Is it okay to feel lonely? It could be in the genes

Some people see time alone as a positive thing, in others it triggers a feeling of loneliness

After a recent decline in health Barbara is struggling to keep up an active social life, and is succumbing to loneliness. Through the help of ALONE she's making connections with the world again. Video: Enda O'Dowd


“All the lonely people, where do they all come from?” So sang The Beatles five decades ago, but the answer might be a little less rhetorical today. New research has shown that some people have a predisposition to feeling lonely. It’s in their DNA.

Traditionally, we are reminded around Christmas time to look out for people who might be alone, but now research has shown it might not be the obvious people who are. Two people with the same circumstances might have very different responses to feelings of isolation. Most of us have probably experienced loneliness at some stage of our lives, either because of lack of company or because we feel disconnected to those around us. Chronic loneliness though is a more permanent type of loneliness, when a person feels lonely regardless of where they are.

Loneliness is a silent killer, with physical as well as emotional implications. Some studies show it is a more accurate predictor of early death than obesity and is linked to conditions including dementia, depression and poor sleep. With loneliness so detrimental to health, it is important to figure out who is susceptible.

While environment is still the most powerful influence on our feelings, one of the largest human genetics studies undertaken yet has found that loneliness is also can be inherited, although no one gene is responsible. The study by the University of California San Diego, which involved more than 10,000 people aged 50 and older, reveals some people are genetically programmed to get depressed when they feel neglected. The study accounted for gender, age and marital status, as married people tend to be less lonely than unmarried people.

The research team looked at loneliness as a life-long trait, rather than a temporary state. The results revealed that up to 27 per cent of people who reported loneliness had the same genetic predisposition.

According to Dr Abraham Palmer, the lead researcher of the study which was published in September by Neuropsychopharmacology, what was intriguing about the results was the discovery that our brains react to loneliness in the same way that that they respond to pain. Just like physical pain warns us of potential tissue damage and motivates us to take care of our bodies, so loneliness also alerts us of damage to our “social bodies”. Each individual has a preferred social situation that they compare to their actual life, which is different for everyone.

“For two people with the same number of close friends and family, one might see their social structure as adequate while the other doesn’t,” Dr Palmer says, “and that’s what we mean by ‘genetic predisposition to loneliness’.”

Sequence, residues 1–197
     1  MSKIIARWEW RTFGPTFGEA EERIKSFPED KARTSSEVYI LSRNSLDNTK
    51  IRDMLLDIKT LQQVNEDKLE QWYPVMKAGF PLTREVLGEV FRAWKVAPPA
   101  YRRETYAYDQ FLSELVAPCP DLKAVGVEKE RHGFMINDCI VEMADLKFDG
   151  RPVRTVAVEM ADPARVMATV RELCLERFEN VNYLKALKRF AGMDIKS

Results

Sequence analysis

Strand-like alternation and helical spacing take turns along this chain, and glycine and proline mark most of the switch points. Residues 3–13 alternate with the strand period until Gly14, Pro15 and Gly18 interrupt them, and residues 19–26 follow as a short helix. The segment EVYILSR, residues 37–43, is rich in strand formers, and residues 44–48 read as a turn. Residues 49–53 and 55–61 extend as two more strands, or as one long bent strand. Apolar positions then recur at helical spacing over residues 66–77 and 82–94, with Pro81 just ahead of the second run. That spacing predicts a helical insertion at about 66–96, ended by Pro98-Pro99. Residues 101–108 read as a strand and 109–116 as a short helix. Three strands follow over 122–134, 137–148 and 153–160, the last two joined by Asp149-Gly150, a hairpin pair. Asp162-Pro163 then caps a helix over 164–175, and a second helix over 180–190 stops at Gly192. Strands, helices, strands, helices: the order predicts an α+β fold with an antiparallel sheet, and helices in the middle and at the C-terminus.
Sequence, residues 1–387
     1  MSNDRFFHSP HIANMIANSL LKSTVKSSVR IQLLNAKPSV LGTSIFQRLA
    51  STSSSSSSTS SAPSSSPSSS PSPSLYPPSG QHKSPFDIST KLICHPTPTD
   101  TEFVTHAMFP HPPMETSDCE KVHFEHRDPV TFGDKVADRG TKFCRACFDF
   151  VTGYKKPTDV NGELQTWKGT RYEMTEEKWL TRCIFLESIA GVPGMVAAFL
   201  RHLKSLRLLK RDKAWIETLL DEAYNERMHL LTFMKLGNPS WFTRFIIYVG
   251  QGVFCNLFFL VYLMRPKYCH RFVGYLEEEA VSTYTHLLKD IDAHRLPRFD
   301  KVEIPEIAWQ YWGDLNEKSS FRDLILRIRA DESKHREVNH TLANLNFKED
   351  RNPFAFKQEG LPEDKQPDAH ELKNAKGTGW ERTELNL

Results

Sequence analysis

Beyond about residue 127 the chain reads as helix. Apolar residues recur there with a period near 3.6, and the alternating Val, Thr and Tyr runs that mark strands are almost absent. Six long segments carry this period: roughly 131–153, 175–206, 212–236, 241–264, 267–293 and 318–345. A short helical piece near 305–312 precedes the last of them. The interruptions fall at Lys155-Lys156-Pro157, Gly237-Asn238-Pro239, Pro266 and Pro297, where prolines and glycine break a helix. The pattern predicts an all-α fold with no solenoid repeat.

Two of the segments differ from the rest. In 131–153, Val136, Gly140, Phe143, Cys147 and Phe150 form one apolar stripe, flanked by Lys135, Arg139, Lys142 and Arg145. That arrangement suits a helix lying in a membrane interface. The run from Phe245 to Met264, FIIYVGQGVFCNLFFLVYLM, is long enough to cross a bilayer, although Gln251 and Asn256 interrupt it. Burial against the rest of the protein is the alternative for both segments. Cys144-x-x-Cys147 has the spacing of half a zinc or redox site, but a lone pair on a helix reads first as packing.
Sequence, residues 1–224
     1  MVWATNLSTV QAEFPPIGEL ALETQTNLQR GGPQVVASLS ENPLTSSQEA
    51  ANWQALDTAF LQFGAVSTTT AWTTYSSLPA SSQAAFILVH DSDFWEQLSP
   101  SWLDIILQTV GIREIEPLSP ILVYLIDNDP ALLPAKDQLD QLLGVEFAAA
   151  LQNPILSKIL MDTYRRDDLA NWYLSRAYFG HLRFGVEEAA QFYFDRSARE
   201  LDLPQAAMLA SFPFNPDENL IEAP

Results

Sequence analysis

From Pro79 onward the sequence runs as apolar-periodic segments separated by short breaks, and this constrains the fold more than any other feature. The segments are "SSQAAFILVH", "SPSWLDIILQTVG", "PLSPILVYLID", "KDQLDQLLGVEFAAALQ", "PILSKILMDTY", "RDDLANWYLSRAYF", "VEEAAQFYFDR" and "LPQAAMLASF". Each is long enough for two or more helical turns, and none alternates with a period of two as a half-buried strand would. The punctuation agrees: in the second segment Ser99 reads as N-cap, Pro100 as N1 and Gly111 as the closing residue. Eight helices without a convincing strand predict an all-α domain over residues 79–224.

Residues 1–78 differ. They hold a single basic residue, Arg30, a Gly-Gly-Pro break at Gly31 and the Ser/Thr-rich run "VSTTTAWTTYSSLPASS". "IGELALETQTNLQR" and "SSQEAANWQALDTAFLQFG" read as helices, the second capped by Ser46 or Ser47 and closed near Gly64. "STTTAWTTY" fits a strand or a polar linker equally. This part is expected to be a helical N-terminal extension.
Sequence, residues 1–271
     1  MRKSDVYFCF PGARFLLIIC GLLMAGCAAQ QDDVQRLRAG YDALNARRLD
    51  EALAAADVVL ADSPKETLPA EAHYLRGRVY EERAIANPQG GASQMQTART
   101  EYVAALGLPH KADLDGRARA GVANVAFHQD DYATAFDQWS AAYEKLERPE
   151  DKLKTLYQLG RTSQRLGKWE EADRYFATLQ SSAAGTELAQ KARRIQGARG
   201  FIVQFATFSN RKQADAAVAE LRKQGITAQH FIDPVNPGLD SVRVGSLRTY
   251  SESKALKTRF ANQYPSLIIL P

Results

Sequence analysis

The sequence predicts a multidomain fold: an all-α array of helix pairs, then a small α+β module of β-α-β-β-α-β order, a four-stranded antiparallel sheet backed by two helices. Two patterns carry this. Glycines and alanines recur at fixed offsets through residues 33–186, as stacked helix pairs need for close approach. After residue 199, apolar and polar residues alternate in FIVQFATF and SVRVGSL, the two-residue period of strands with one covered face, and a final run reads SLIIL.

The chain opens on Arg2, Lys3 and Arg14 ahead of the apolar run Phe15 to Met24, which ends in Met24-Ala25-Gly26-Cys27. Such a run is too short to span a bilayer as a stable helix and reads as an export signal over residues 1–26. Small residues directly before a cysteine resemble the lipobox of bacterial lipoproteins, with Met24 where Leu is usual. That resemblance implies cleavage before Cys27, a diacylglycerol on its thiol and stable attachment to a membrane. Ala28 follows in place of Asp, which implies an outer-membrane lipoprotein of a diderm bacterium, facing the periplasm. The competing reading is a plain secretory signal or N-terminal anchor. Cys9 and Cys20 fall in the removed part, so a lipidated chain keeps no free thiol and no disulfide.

Dr Jonathan Haverkampf is a psychotherapist with Mind and Body Works in Dublin, and sees this regularly with his clients. “First of all, loneliness is an emotional response. It is a feeling rather than a fact, while studies with twins also showed a genetic link. The key here is we cannot change the genetics but we can do something about the psychology or the environment.”

What this means is that being solitary is not the same thing as loneliness. While some people will see time alone as a positive thing, in others it will trigger a feeling of loneliness.

Our emotional response to isolation is determined by past life experiences and genetic make-up. “Feeling lonely is a learned response to a degree,” Dr Haverkampf adds. “It is merely how we interpret a situation. If you are depressed you might interpret a situation negatively while someone else would interpret the same situation positively.”

So, for those who have a predisposition to feeling isolated in a given situation, is it possible to train ourselves to respond differently and unlearn that feeling? “Absolutely,” says Dr Haverkampf, who adds there are two main approaches in psychotherapy that would help with feelings of loneliness – cognitive behaviour therapy (CBT), and psychodynamic therapy.

The CBT approach looks primarily at the present. How we feel is determined by how we think, which in turn determines how we behave. How we behave then, in turn, determines how we feel. CBT helps a person try to modify the thoughts and in doing so, modify our behaviour and that changes how we feel.

“The first step is how you interpret the present,” Dr Haverkampf says. “CBT helps someone see the reality differently. It’s not just motivation talk, you have to develop a shift in perspective. That’s the C part – cognitive.” The B part – behaviour – is about changing learned behaviour so you react differently. It takes time to practise and hone these social skills but, once done, it can transform someone’s life.

Psychodynamic therapy looks at the experiences of the past that might be making you feel this way today. “You might experience loneliness more intensely than someone else,” Dr Haverkampf says, “but once you realise why you do, it often helps diminish the feeling. It’s about developing an awareness of where the loneliness belongs to.”

Loneliness isn’t just for Christmas. It can happen to anyone at any time, but for some, those feelings might be more likely. Thankfully, there is something we can do to change it.

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